Exercising regularly would not have as many advantages for a good cognition as had been thought until now, according to a new study carried out by Spanish scientists from the University of Granada (UGR), belonging to the Mind, Brain and Behavior Research Center (CIMCYC), which suggests that there is not enough scientific evidence to show that the physical exercise benefits cognitive function, and that its impact would be negligible. The surprising results of it are published today in the scientific journal Nature Human Behaviour.
Luis Ciriaa CIMCYC researcher and member of the ‘Human Brain and Cognition’ group, and his collaborators have analyzed 24 meta-analyses and 109 primary studies on this topic, in which a total of 11,266 healthy people of all ages have participated, and have shown that the initial positive effects of physical exercise on cognition (which were small and statistically significant) disappeared across all ages and cognitive functions when other potentially influencing factors—such as study baselines and differences between studies—were taken into account. control groups, a fundamental aspect of intervention designs to control for methodological problems such as the placebo effect, and corrected for the publication bias.
The effects of exercise on cognition would have been exaggerated
In the article, the authors highlight that the scientific literature on effects of exercise on cognitive functions has grown exponentially and has been based on exaggerated messages, without taking into account conflicting findings and contrary opinions, noting that in most meta-analyses there are important methodological weaknesses, so their results do not necessarily represent the true effect of the evidence accumulated over time.
The benefits of physical exercise, especially with regard to physical health, are sufficient in themselves to justify public health policies that promote the regular practice of sport.
They stress, however, that this does not mean that physical exercise cannot have positive effects on cognitive functioning, nor that it can be detrimental to cognition, but that it is necessary to be cautious when establishing a causal relationship between the practice of physical exercise and cognition because strong causal evidence is not available at this time.
Thus, although the World Health Organization (WHO) recommends regular exercise as a measure to maintain good cognitive health in both children and the elderly, according to the new UGR study, this recommendation would not be supported by the available scientific evidence. currently.
However, the benefits of physical exerciseespecially with regard to physical health, are sufficient in themselves to justify public health policies that promote the regular practice of sport as a healthy habit, without having to appeal to the supposed effects at a cognitive level, the UGR researchers conclude .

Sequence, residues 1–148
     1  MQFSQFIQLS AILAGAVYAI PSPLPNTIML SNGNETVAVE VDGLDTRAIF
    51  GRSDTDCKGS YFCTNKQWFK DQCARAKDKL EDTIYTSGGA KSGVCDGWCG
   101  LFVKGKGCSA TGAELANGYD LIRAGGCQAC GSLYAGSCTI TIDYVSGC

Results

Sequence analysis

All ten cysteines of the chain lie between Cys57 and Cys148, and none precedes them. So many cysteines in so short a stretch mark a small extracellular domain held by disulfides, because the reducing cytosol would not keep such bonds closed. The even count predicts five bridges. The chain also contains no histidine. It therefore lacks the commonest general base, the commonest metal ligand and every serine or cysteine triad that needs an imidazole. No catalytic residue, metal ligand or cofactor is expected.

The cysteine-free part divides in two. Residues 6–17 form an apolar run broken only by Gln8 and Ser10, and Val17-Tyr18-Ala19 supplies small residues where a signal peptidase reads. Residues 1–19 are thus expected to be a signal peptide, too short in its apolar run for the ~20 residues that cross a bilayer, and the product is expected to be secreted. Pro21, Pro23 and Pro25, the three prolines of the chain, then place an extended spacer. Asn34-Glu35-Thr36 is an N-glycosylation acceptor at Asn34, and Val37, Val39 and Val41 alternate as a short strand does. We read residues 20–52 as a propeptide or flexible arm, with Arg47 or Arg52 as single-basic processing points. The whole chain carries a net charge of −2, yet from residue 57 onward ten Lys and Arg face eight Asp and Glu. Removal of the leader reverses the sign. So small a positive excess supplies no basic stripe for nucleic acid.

Eef Hogervorst, Professor of Psychology at Loughborough University (United Kingdom), has given her opinion on this new study in statements to SMC Spain: “The findings of this study are unexpected, since the current literature reveals a strong link between exercise and cognition, which can be supported by the results of most of the meta-analyses included in the review (22 of 24). In addition, previous studies have reported that the exercise reduces the risk of dementia characterized by the cognitive decline. Therefore, accurate interpretation of the results is very important for clinical and public health implications.”
“Although a small part of the large heterogeneity is reported to be reduced by key moderators, a moderate heterogeneity of 57% of unknown origin makes it difficult to obtain conclusive results. The different types of exercise, the wide age range, and the different outcome measures might be the reasons for avoiding a strong showing that physical exercises have a small positive effect on cognition. Furthermore, some methodological limitations of the study should not be overlooked. The fact that the search strategy is not comprehensive enough, that specific exercise types are not used as keywords and that some large databases such as CENTRAL, CINAHL and Embase are not included may make it questionable whether they were included. all eligible meta-analyses in the literature. Another important point is that the methodological qualities of both the included reviews and the primary randomized controlled trials included in the meta-analysis were not mentioned and the results were not interpreted accordingly.
“I appreciate that the authors consider the results from different perspectives. However, clearer information on the intensity, type, and duration of the included workouts would have further clarified the reasons for these unexpected results. In conclusion, the article offers a vision that invites the reflection on the efficacy of physical exercise in cognition. It is important to point out that the results must be interpreted with caution due to the methodological limitations of the study”, concludes this expert.
Fuente: University of Granada (UGR)